One evening I invited Jesus Christ into my heart. What an entrance He made! It was not a spectacular, emotional thing, but very real. Something happened at the very center of my life. He came into the darkness of my heart and turned on the light. He built a fire on the hearth and banished the chill. He started music where there had been stillness, and He filled the emptiness with His own loving, wonderful fellowship. I have never regretted opening the door to Christ and I never will.

In the joy of this new relationship I said to Jesus Christ, "Lord, I want this heart of mine to be Yours. I want to have You settle down here and be perfectly at home. Everything I have belongs to You. Let me show You around."

He showed Jesus the study, the dining room, and the living room. They went to the workroom and the rec room. But they had not been everywhere in that house, which represented Munger’s heart. Then we come to a portion of the house where Christ had not been invited in. We pick up with Munger’s words:



The Hall Closet

One day I found Him waiting for me at the door. An arresting look was in His eye. As I entered, He said to me, "There is a peculiar odor in the house. Something must be dead around here. It's upstairs. I think it is in the hall closet." As soon as He said this, I knew what He was talking about. There was a small closet up there on the hall landing, just a few feet square. In that closet, behind lock and key, I had one or two little personal things that I did not want anyone to know about. Certainly, I did not want Christ to see them. I knew they were dead and rotting things left over from my old life. I wanted them so for myself that I was afraid to admit they were there.

Reluctantly, I went up with Him, and as we mounted the stairs the odor became stronger and stronger. He pointed to the door. I was angry. That's the only way I can put it. I had given Him access to the library, the dining room, the living room, the workroom, the rec room, and now He was asking me about a little two-by-four closet. I said to myself, "This is too much! I am not going to give Him the key."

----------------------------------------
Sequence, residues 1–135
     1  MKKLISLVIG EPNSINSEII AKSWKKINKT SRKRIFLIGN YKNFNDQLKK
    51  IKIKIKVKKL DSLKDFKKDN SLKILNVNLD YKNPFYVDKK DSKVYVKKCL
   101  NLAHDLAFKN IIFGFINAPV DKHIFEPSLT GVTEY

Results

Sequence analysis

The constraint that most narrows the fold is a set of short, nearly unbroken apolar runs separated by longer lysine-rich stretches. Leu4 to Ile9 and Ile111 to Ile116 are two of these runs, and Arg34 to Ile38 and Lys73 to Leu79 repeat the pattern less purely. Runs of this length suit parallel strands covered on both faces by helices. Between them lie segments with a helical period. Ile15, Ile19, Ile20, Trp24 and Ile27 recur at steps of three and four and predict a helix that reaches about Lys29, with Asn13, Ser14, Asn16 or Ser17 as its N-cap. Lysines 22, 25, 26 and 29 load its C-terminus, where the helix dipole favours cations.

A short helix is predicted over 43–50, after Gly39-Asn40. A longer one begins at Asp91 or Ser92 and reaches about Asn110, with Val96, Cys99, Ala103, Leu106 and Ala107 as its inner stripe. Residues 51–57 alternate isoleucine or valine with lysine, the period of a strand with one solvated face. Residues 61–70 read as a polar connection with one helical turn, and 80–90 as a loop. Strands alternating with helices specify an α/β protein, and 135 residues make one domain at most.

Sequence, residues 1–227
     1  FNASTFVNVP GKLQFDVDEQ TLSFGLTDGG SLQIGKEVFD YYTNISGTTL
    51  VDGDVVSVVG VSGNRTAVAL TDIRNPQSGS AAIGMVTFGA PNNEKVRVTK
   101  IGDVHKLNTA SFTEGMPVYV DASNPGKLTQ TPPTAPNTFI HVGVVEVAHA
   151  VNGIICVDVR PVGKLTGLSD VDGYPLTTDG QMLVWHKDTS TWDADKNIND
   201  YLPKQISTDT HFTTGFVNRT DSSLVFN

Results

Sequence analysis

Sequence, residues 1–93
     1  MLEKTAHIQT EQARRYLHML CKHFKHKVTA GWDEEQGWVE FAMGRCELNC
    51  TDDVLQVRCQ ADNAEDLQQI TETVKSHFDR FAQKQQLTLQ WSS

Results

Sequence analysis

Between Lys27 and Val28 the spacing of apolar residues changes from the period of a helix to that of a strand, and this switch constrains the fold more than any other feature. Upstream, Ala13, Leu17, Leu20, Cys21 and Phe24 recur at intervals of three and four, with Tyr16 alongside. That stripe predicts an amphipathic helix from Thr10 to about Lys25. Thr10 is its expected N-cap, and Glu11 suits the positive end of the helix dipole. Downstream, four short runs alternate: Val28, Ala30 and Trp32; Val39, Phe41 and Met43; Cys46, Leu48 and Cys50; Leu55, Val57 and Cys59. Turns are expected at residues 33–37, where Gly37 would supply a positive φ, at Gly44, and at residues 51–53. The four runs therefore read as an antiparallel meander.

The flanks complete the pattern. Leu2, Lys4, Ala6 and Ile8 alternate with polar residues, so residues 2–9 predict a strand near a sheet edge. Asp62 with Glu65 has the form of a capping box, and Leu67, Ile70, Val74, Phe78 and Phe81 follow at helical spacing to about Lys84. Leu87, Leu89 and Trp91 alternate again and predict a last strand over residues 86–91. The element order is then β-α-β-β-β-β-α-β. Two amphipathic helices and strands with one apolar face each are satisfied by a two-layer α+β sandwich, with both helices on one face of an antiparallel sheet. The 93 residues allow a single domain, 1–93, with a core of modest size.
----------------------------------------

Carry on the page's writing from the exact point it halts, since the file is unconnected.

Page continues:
"Well," He said, reading my thoughts, "if you think I'm going to stay up here on the second floor with this smell, you are mistaken. I will go out on the porch."

Then I saw Him start down the stairs. When one comes to know and love Christ, the worst thing that can happen is to sense Him withdrawing His fellowship. I had to give in. "I'll give you the key," I said sadly, "but You will have to open the closet and clean it out. I haven't the strength to do it."

"Just give me the key," He said. "Authorize me to take care of that closet and I will."

With trembling fingers I passed the key to Him. He took it, walked over to the door, opened it, entered, took out all the putrefying stuff that was rotting in there, and threw it away. Then He cleaned the closet and painted it. It was done in a moment's time. Oh, what victory and release to have that dead thing out of my life!

What about you? As you look at your relationship with God, are you grieving the Holy Spirit today? Is there something in the hall closet of your life that is rotting away and putrefying, something which needs to be confessed and repented of and cleansed? Has your heart grown hard and calloused to the Spirit’s calling and claims on your life? Is it time to repent of the hardness of heart that not only allows you to sin, but also to sin without even feeling any grief over it? You are either pleasing God, or grieving Him. There is no middle ground.

03.02.08, AM--Bethlehem Baptist Church, Benton, Mississippi